How Can I Integrate Narrative Into My Counseling?

The Power of Narrative


God is a storyteller. As His image bearers, human beings are drawn to narratives, especially those that surface themes of redemption and renewal, which are central to the Christian story. Because of this, narrative can play a powerful role in counseling others. Looking back on his struggles in college, Winston Smith, counselor and faculty member at the Christian Counseling and Education Foundation (CCEF), reflects on the ways in which God used The Chronicles of Narnia to meet him in his anxiety and depression. He also shares practical advice on how to utilize narratives for counseling in a fresh manner.

Winston has served as a counselor for more than fifteen years and holds a Master of Divinity Degree from Westminster Theological Seminary. Winston is the author of Marriage Matters: Extraordinary Change Through Ordinary Moments as well as several mini-books: Divorce RecoveryHelp for StepfamiliesIt's All About Me—The Problem with MasturbationWho Does the Dishes? and Help! My Spouse Committed Adultery



Throughout our lives, God often meets us in surprising ways. For Winston, it came in a season of anxiety and depression by way of The Chronicles of Narnia. God used a story to stir his heart and call him to remember truths he had forgotten.

Did this discussion provide you with any new insights into counseling others effectively? If so, how? What will change about your interactions with people?
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What are some of the surprising resources God has used to help you? In what ways did they have a positive impact on your life? What did He teach you through them?
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Have you been able to use any of those resources to help others who have experienced similar struggles? If not, what has kept you from doing so?
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Specifically, Winston focused in on narrative as a powerful platform for teaching truth. It transports us from the ordinary and places us where we can hear in a fresh manner. As he shared, though The Chronicles of Narnia did not solve his anxiety and depression, the books drew him to identify personally with a character and provided him with direction moving forward.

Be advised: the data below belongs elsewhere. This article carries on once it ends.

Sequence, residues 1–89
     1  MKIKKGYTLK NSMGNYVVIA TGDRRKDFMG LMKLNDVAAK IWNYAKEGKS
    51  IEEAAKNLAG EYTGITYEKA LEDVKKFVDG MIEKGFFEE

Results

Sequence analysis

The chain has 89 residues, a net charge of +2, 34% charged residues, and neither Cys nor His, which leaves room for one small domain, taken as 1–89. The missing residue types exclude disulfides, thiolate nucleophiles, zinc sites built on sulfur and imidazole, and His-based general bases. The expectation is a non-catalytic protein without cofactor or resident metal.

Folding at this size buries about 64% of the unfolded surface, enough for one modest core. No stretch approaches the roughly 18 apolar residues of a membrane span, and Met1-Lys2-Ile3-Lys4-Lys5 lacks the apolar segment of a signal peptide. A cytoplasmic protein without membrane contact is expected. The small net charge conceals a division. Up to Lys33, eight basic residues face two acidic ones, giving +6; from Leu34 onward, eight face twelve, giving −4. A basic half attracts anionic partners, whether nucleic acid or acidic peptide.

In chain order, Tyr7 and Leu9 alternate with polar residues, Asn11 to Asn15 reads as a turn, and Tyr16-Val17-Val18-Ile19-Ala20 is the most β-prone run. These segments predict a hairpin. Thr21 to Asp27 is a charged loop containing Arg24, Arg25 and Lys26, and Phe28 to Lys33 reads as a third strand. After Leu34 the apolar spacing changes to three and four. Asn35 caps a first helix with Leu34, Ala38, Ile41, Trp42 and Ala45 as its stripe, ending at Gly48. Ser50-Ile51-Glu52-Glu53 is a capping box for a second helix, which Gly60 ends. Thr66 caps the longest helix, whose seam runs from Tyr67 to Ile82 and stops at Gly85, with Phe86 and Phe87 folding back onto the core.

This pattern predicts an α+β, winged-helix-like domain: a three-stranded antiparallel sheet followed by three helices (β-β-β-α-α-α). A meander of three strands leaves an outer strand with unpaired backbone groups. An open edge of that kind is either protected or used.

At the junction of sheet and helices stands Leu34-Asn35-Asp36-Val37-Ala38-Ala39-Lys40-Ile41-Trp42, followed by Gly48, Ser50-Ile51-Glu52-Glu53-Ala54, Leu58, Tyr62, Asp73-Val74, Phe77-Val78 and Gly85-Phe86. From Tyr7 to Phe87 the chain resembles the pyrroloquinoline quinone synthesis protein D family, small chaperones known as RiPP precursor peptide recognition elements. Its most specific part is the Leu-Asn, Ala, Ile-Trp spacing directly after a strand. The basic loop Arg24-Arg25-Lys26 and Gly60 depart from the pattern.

In your experience, what stories have been the most meaningful? Why were they so significant to you? How did they capture your experience? How did they speak to you in a personal way?
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To utilize narrative well, Winston encouraged an active effort to draw out principles for practical application. Thinking back on those stories that have most impacted you, what principles did they teach? What were the major themes? How did they provide direction in your life?
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Taking it a step further, Winston talked about considering the ways in which God may be speaking through a particular narrative. In your own experience, how did narratives help you to see the work of God in your life? What did they teach you about Him? About Scripture? How did they help you understand your experience in light of how God makes sense of our stories?
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As a way of expanding your "library," Winston suggested asking others to share those narratives that have been helpful to them. Who are some people you could reach out to in order to ask their stories? How will you work towards accomplish this in the coming week?
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Having identified the narratives God has used in your life, what are some ways you could integrate them into your counseling? What benefit could it have on your clients? What steps will you take towards utilizing narrative in the days ahead?
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Narrative has a powerful ability to capture our experiences and speak to us in surprisingly personal ways. As you consider the stories God has used to work in your life, look for ways to utilize them as resources in your own practice. Connect the gift of narrative with the truth of God's word as a way of drawing people further into the beauty of Christ's work and the hope of His gospel.


 This video is a publication of the Christian Counseling & Educational Foundation (CCEF). All content is protected by copyright and may not be reproduced in any manner without written permission from CCEF. For more information on classes, materials, speaking events, distance education and other services, please visit www.ccef.org.